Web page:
The Dangerous New US Consensus on China and the Future of US-China Relations

 
The Asia-Pacific Journal | Japan Focus          Volume 17 | Issue 15 | Number 5 | Article ID 5299 | Aug 01, 2019

The Dangerous New US Consensus on China and the Future of
US-China Relations

Mel Gurtov and Mark Selden

The trade war and technological competition            as South Korea, Japan, Australia, and the
                                                                      5
with China are symptomatic of a much larger            European Union.
issue: a dangerous gridlock in US-China
relations that may become permanent, with              We argue that to make China the number-one
dire consequences not just for the two                 threat to US national security, as Trump would
                                                                6
countries’ economies but also for the global           have it, is not merely an exaggeration and
economy and quite possibly East Asia’s and             misunderstanding of China’s ambitions and
international security. Martin Wolf, Financial         capabilities. It is a dangerous basis for US
Times columnist, is right to conclude: “Across-        foreign policy, one that is inseparable from the
the-board rivalry with China is becoming an            Trump administration’s broader agenda that
organising principle of US economic, foreign           includes embrace of useful dictators, disregard
and security policies.” 1 The fact that this           for human rights and international law,
conflict has occurred at a time of trade,              diplomacy reliant on threats and sanctions, and
investment, and security disputes between the          overturning or weakening of international
US and its major allies, US-Russia tensions, and       treaty commitments.
US military interventions across the Middle
East and Central Asia, heightens global
instability.

In the 1980s, President Ronald Reagan charged          The Rising Tide of Anti-China Sentiment
that Japan “is stealing our future” “by
counterfeiting or copying of American                  Washington politicians in both parties are as
products.”2 Now the president’s target is China,       one in talking up the China threat and how to
with the anti-China chorus including not only          counter it. A bipartisan consensus in Congress
leaders of Trump’s national security team but          seems to have concluded that the era of
also his former senior adviser and arch cold           engaging China is over. More surprising is an
warrior, Stephen Bannon, and a range of                emerging consensus among public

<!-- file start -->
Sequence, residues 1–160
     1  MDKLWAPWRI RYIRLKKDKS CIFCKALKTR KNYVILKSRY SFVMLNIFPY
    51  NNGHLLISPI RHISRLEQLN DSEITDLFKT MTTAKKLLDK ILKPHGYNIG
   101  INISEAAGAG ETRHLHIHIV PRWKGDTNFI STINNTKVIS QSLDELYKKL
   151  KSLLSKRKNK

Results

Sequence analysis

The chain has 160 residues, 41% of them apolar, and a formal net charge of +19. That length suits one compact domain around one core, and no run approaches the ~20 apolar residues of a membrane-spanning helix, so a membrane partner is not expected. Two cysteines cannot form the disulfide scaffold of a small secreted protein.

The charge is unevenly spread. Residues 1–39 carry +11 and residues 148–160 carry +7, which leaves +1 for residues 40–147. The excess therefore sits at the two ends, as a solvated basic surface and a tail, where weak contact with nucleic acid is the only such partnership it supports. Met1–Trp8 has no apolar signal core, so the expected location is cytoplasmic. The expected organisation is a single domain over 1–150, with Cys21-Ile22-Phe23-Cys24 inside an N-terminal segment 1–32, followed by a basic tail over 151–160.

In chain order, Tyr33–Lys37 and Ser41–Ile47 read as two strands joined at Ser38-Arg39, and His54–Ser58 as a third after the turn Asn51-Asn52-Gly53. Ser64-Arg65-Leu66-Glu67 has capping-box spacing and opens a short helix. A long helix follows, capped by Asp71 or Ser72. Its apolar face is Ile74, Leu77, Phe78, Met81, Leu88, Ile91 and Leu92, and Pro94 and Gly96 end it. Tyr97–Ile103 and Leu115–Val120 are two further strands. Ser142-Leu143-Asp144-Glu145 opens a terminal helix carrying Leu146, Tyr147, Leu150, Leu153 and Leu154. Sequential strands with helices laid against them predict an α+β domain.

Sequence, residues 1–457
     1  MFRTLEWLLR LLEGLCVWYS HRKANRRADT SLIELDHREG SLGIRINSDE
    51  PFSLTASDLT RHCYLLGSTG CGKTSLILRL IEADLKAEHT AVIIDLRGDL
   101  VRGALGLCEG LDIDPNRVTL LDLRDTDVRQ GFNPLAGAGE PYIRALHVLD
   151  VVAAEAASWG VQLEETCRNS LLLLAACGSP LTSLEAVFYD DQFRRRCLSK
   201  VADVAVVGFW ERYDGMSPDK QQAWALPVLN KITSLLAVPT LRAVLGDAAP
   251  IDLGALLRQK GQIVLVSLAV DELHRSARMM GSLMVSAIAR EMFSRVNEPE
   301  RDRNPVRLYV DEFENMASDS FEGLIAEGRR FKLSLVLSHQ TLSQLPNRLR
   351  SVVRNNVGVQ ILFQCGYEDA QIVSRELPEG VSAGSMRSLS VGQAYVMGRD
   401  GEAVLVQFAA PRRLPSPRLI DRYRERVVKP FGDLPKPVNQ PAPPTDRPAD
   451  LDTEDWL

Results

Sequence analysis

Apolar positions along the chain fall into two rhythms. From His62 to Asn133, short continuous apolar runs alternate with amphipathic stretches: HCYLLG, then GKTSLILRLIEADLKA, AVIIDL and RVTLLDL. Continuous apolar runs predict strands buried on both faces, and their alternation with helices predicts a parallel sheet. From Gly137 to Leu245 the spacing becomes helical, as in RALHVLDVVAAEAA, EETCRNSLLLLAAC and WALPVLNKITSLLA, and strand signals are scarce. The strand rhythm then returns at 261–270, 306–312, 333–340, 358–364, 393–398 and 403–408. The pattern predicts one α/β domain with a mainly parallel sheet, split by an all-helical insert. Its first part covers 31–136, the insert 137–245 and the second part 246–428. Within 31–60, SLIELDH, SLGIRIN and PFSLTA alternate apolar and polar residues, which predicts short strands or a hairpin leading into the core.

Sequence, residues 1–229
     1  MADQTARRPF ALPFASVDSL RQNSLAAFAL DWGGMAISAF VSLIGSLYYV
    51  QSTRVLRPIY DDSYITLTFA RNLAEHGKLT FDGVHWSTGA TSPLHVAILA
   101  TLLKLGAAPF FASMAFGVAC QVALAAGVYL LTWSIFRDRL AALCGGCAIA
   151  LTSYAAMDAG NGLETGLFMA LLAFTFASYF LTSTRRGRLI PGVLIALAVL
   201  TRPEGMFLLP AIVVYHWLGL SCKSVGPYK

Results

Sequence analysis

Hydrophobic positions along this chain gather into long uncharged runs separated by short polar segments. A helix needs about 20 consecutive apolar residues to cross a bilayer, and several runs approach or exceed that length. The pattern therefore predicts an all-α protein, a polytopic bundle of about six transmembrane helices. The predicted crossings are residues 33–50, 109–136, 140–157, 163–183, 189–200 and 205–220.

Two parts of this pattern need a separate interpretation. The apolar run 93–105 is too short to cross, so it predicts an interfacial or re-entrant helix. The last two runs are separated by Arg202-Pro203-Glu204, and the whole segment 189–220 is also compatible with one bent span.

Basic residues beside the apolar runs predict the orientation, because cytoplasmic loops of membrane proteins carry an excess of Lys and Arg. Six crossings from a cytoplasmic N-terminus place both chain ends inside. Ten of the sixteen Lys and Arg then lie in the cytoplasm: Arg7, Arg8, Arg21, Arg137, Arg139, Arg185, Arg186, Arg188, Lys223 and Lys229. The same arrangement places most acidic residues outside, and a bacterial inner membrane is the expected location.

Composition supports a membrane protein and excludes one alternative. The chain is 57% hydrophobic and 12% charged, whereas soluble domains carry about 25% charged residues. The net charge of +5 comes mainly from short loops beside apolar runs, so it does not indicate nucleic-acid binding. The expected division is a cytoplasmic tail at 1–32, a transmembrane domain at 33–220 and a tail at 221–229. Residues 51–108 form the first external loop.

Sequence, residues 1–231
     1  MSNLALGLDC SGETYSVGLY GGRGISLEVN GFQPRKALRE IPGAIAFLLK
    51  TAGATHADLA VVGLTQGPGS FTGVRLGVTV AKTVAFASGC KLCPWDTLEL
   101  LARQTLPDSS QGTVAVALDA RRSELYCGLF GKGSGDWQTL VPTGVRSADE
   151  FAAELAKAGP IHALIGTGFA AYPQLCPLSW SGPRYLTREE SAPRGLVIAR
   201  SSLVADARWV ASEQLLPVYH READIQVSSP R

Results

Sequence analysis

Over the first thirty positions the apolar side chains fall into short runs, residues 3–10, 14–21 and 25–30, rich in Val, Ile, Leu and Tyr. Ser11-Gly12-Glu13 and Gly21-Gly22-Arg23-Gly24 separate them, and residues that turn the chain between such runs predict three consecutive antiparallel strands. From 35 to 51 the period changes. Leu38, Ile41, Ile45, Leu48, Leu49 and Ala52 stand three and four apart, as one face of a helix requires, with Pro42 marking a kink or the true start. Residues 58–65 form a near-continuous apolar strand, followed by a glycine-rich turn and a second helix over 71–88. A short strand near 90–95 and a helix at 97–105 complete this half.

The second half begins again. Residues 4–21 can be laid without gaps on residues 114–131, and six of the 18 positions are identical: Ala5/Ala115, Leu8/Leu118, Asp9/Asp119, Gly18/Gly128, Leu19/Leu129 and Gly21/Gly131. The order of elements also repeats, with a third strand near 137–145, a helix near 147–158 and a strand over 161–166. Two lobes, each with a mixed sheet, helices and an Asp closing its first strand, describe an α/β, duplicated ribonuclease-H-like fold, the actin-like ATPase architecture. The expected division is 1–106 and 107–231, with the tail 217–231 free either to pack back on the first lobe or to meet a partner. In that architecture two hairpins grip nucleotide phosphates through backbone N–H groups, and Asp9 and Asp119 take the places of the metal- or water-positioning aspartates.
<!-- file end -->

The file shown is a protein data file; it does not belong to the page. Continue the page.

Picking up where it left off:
national security, economic and Asia specialists       intellectuals, including China specialists as well
across the political spectrum.3 In 2011 Trump          as many in both the conservative and liberal
the businessman was decrying China’s unfair            media, who embrace the view of Trump’s
trade and technology practices, calling China          intelligence community that China is the
an enemy, and saying that if he were president,        principal threat to US national security.7 The
he would be able to force China to back down           New York Times, for instance, editorialized on
because it needs us more than we need                  July 21 that “President Trump is correct to try
it.4 Today China looms so much larger—central          to establish a sounder relationship with Russia
to US and global trade and investment, but also        and peel it away from China.” And while the
a partner in critical relationships with many          Washington Post has called for a return to
other countries, including major US allies such        engaging China, it nevertheless found that “Mr.

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Xi’s regime has shattered the hopeful vision”           strategy, sustainable energy, and international
that China would be “a responsible global               aid.
        8
player.” In fact, a hard line on China seems to
be the single policy on which liberals and              Xi Jinping’s China has certainly done things
conservatives are in general agreement with             that merit strong criticism, notably the
one another and with President                          incarceration and “reeducation” of roughly a
Trump.9 American public opinion has followed,           million Uighurs and other Chinese Muslims, the
with a significant shift toward seeing rivalry as       communist party’s assault on independent
the appropriate motif of US-China relations.10          lawyers, journalists, and labor rights activists,
                                                        and militarizing of disputed islands in the South
                                                        China Sea. Still, there are compelling reasons
                                                        for seeking common ground with China—on
                                                        trade, energy, missiles, and the climate crisis,
                                                        for example—identifying financial and
                                                        technological complementarities, and averting
                                                        a breakdown in US-China relations that would
                                                        undermine the international economy and
                                                        could lead to war

                                                        This growing convergence of opinion between
                                                        the liberal establishment and Trump and the
Xi Jinping (left) and Donald Trump                      Republican Party over the threat of China does
                                                        not mean that there is an identity of views
The voices so stridently attacking China                about how best to confront that
typically ignore the fact that the US under             threat. 12 Whereas the Trump administration
Trump has torpedoed international                       and Republicans in Congress view China in